Policy, Activism and Politics

Responding to the refugee crisis in the UK and Italy

Refugees Image The project will explore how people in the UK and Italy make sense of international conflict and how this understanding shapes attitudes to those displaced by conflict.

We are interested in analysing the representation of conflict and of the impact of conflict through media representations, official and popular discourses, and institutional and citizen initiatives.

The project will include:

  • A survey about media use and understandings of global conflict
  • Analysis of media representations of global conflict
  • Memory and discussion work with people displaced by conflict
  • The creation of an online exhibition and theatrical script created in collaboration with people displaced by conflict.          

Both the UK and Italy have experienced mistrust towards national, European and international institutions, connected to concerns about corruption, economic ineptitude and border controls. Far right populist groups and anti-immigration politicians have tried to exploit the situation by blaming immigrants and refugees for a whole host of social and economic problems. 

But at the same time there have been many examples of solidarity, including those who have called on their governments to take more refugees and their cities to offer sanctuary, offered up their homes and donated clothing. Much of this has been organised on social media and reflects the depth of humanitarian impulses towards the victims of war and conflict. The project will explore how European populations understand questions of international responsibility in a time of global conflict that is displacing millions of people.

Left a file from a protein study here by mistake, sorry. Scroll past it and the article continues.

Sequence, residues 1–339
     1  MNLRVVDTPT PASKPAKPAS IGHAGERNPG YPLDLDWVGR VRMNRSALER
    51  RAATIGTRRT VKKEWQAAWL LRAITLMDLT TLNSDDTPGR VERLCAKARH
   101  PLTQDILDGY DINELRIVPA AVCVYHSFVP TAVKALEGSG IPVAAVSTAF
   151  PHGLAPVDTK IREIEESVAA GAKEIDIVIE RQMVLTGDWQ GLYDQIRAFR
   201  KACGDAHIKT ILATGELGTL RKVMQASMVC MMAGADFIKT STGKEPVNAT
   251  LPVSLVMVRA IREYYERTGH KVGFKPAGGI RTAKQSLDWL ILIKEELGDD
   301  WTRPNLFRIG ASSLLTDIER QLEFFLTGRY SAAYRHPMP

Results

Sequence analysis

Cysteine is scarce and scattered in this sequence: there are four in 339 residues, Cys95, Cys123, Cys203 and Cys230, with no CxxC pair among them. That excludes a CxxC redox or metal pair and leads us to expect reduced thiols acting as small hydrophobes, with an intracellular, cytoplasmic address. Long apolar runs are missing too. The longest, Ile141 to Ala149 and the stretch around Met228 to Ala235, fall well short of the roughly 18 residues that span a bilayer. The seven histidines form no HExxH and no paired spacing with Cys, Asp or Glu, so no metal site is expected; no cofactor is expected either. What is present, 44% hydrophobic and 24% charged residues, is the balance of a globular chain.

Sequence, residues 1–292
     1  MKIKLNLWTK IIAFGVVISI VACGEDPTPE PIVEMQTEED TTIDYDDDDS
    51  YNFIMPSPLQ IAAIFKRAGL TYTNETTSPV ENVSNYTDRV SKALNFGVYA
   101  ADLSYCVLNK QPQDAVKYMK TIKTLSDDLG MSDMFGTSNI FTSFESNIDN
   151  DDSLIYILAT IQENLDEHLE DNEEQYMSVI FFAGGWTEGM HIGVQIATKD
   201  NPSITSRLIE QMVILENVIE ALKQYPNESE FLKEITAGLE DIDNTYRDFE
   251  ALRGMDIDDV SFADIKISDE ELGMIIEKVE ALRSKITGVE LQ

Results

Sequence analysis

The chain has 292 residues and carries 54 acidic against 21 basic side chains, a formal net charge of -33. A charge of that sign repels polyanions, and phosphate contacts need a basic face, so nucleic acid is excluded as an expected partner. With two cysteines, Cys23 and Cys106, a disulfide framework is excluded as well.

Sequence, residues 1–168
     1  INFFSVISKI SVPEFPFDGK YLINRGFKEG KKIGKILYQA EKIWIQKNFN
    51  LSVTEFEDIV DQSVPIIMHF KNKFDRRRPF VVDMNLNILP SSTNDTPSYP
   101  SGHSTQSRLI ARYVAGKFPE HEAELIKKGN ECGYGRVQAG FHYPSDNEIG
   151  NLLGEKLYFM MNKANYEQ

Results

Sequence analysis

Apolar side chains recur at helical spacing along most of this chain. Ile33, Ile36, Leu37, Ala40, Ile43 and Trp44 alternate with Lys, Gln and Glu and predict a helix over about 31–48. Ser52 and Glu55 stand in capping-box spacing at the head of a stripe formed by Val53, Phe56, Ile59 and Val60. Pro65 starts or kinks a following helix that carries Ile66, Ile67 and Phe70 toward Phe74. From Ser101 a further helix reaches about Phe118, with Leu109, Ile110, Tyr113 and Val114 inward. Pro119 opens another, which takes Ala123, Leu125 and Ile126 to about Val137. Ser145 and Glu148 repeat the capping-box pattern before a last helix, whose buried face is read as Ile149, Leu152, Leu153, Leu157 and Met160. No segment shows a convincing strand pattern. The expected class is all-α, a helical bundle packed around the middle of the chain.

Finally, we’ll explore how refugees themselves – many of whom have fled conflict and destitution – remember and memorialise the situations they have left behind. How can they help us understand the refugee crisis, and more generally international conflicts?

For more information visit the Conflict Memory Displacement website or contact Dr. Kirsten Forkert